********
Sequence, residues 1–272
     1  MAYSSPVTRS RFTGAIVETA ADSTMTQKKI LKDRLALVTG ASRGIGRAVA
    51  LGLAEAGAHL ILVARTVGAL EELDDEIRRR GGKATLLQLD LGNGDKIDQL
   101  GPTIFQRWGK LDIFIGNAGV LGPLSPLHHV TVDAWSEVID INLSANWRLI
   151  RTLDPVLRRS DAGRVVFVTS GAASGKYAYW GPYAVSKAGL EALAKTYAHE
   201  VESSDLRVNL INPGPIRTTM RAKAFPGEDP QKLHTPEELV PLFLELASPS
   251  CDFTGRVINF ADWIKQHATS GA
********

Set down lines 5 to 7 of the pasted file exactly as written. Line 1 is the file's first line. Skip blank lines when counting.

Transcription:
   151  RTLDPVLRRS DAGRVVFVTS GAASGKYAYW GPYAVSKAGL EALAKTYAHE
   201  VESSDLRVNL INPGPIRTTM RAKAFPGEDP QKLHTPEELV PLFLELASPS
   251  CDFTGRVINF ADWIKQHATS GA